Lenovo has updated its ultra-portable laptops with the flagship 3000 V200. Sporting a 12.1-inch widescreen display (1280x800 native resolution) and based on Intel’s brand-new ‘Santa Rosa’ mobile platform, the silver-and-black V200 might just be the perfect highly-portable Windows-based system for cash-strapped small businesses.
Starting at just £800 (ex.VAT), Lenovo’s 3000 V200 is the company’s lightest (1.81kg) widescreen laptop to date. That doesn’t mean to say it lacks some grunt under the hood. At time of purchase you can opt for an Intel Core 2 Duo processor up to a T7300 (2GHz), up to 4GB of 667MHz DDR2 system memory, and a very accommodating 160GB (5400rpm) hard drive. The processors have Santa Rosa’s 800MHz front-side bus, and are paired with an Intel GM965 chipset.
Other technical niceties to ponder include a choice of graphics chipsets - Intel GM965 or nVidia GeForce Go 7300 (64- or 128MB) - and you can opt for either a CD-RW/DVD-ROM or DVD recordable (Dual Layer) drive. Unlike a lot of ultra-portable laptops, the V200’s optical drive is actually built in, so you don’t have to worry about additional peripherals and power supplies weighing you down.
Powered by Windows Vista (Lenovo offers a choice of Editions), the V200 is relatively well connected considering its size. There’s a 4-pin FireWire port (ideal for external storage devices), three USB 2.0 ports (one at the rear of the machine and one at each side), analogue VGA port, 5-in-1 card reader, Express Card/54 slot, Bluetooth, 802.11a/b/g/n, Gigabit LAN, 56K modem, headphone and microphone ports. Unfortunately there’s no digital video-out (DVI) or S-Video ports, but the system isn’t really designed for multimedia. The battery should provide you with around 2 hours 45 minutes operating time, which is a little disappointing considering the small display.
Not as well supported in terms of pre-installed applications as a ThinkPad, the V200 still offers more than your average business laptop. Take the one-button system recovery for instance, which helps you to recover from a crash or virus with the push of a button. Simple network connectivity and management tools let you quickly find and connect to a wireless network and save connection profiles for later use, while performance restoration keeps the system running almost as good as new by allowing you to restore to a previous backup without losing your personality settings for printers, browsers and applications.
Lenovo’s automatic update utility is neat for staying up to date with model-specific drivers and patches. Fragmentation can cause slowdowns, crashes, system freezes or even system failures. With Diskeeper Home you can quickly analyse fragmentation levels and detect them automatically to maintain peak performance on your system.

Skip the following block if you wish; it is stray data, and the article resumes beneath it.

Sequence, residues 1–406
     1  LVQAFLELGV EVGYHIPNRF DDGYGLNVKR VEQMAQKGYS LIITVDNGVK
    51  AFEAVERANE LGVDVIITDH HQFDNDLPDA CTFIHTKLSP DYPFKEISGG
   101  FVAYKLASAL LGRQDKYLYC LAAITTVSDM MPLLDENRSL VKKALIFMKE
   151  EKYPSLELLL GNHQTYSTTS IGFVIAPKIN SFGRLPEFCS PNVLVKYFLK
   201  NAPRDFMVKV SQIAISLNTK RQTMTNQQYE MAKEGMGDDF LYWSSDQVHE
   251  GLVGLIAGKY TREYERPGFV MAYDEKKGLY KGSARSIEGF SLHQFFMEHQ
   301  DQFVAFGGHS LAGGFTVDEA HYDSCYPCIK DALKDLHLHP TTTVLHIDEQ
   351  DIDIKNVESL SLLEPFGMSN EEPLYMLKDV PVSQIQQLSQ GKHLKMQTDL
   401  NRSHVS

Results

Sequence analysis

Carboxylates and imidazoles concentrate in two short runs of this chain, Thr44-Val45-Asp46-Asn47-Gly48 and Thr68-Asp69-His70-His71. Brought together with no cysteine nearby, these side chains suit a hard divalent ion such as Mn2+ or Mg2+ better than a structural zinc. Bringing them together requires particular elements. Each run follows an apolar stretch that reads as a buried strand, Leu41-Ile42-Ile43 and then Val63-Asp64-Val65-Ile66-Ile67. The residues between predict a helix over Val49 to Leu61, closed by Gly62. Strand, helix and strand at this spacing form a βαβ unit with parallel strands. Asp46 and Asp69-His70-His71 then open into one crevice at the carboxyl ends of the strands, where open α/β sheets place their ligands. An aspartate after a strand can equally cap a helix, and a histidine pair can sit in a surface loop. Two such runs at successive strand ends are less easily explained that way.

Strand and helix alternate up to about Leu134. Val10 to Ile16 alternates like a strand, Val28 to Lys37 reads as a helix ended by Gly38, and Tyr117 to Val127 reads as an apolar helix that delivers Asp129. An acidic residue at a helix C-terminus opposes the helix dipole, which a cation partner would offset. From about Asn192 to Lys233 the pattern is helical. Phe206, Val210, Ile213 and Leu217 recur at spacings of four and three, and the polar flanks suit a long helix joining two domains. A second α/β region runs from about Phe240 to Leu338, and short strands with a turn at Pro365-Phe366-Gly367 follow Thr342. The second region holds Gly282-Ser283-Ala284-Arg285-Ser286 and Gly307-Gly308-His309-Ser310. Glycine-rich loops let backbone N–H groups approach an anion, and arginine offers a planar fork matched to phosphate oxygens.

Presentation Director is a display configuration utility that enables you to create, manage, and use various display and projection schemes when making presentations. Using these schemes you can quickly and easily configure the machine to display a presentation on an external projector, monitor, or television with appropriate resolution and colour settings; avoid interruptions by disabling the screen saver and power management timers and hiding your desktop and instant-messaging windows; and use multiple monitors to extend the size of your desktop.
Presentation Director also enables you to capture your current display settings as a default scheme called ‘My Normal Display Settings.’ After you finish a presentation you can immediately and easily return to your default settings by applying this scheme.
Another neat utility which tends to get overlooked is PC Doctor 5. This provides a relatively comprehensive set of diagnostic testing and system information tools that allow end-users to quickly troubleshoot many (not all) hardware and software problems without the aid of a technical support engineer.
Corporates will also love the integrated fingerprint reader and integrated 1.3 megapixel conference camera. To unlock the V200 (after configuration), all you need is the swipe of your finger. The biometric security tools also let you store passwords for easy access to password-protected Web sites.
Mobile computing should be as comfortable as possible. The same engineers that brought us the legendary keyboard design on ThinkPad range now give you great tactile feel with intelligent layout and performance on V-Series. Thoughtfully designed, the keyboard has specialised keys and buttons for easy access to the presentation director application and Lenovo Care tools, as well as multimedia controls for stop, play, forward, rewind and pause.
The TrackPad is responsive and the two mouse buttons nice and quiet. We missed the TrackPoint of the ThinkPads, but Lenovo keeps this second navigation device the preserve of its premium range. Above the keyboard are three handy external volume controls.
Lenovo’s 3000 V200 is an impressive machine. It’s not the most striking in terms of design, nor does it offer the most features in its class, but it’s a great choice for small-business users unable to stretch their budget to a ThinkPad X61 (from £980 ex. VAT). The keyboard and pointing device are both solid, and the pre-installed software bundle is perfect for business owners. The screen is really crisp and bright, and the biometric security will be a real boon to anyone transferring sensitive documents. The only real disappointments are the sub-standard battery life and the lack of a digital video-out port.
Ruggedness, battery life, scree and keyboard quality, and a decent warranty are all things to watch for. Don't worry about processor speed within reason. One issue that people often take for granted is Wi-Fi connectivity, which can vary from machine to machine in the robustness and range of the connections it can make.